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If we have a wheel which is decelerating due to friction with acceleration $-A$ and angular acceleration $-\alpha$, and we want to find the acceleration at any point, then we can simply find it using superposition of acceleration vectors.

My question is: If we want to write the equation governing centripetal force at any given point on the disc, what should be force equation for it? I mean how do we find what will be providing the centripetal force without first finding out the acceleration at that point? Is this approach even possible?

An example: How do we write the force equation at $\theta = 30°$ from the vertical axis at $r= \frac{R}{2}$? We can find the acceleration using superposition, but can we find it making a free body diagram?

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Your intuition is correct: you can't find the centripetal force from an analysis of only forces. The centripetal force is found from an analysis of motion. The problem is that one of the forces varies in order to meet the requirements of the motion: it is a force of constraint. Consider a test particle on the rim of the disk. There are two forces on it: gravity, and the force that holds it in place on the disk. The latter force is variable, and cannot be determined without knowing the motion.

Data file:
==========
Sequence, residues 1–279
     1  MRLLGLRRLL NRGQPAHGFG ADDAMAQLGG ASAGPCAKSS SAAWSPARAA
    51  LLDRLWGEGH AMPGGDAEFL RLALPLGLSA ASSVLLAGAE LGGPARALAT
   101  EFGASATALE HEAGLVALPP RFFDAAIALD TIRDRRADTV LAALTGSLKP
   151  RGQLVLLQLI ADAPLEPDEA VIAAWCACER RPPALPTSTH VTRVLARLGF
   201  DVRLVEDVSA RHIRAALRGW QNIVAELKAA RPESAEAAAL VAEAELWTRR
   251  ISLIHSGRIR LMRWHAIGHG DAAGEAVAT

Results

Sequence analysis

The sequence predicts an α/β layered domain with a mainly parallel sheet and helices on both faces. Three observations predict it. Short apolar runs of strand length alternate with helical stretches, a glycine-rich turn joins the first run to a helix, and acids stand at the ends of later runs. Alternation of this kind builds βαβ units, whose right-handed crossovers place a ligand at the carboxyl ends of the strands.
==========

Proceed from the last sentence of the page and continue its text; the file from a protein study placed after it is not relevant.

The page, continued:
A more familiar force of this type is the normal force on a book due to the table on which it sits. The magnitude of the normal force cannot be determined on its own. One must know the motion (typically: at rest) and all the other forces (gravity). Then the normal force can be calculated.

So too in this problem. The centripetal force is not available via an analysis of forces, rather it is found by analysis of motion. But you can find the force of constraint if you want. You must know all of the other forces (just gravity here) and the motion, which includes a centripetal acceleration.

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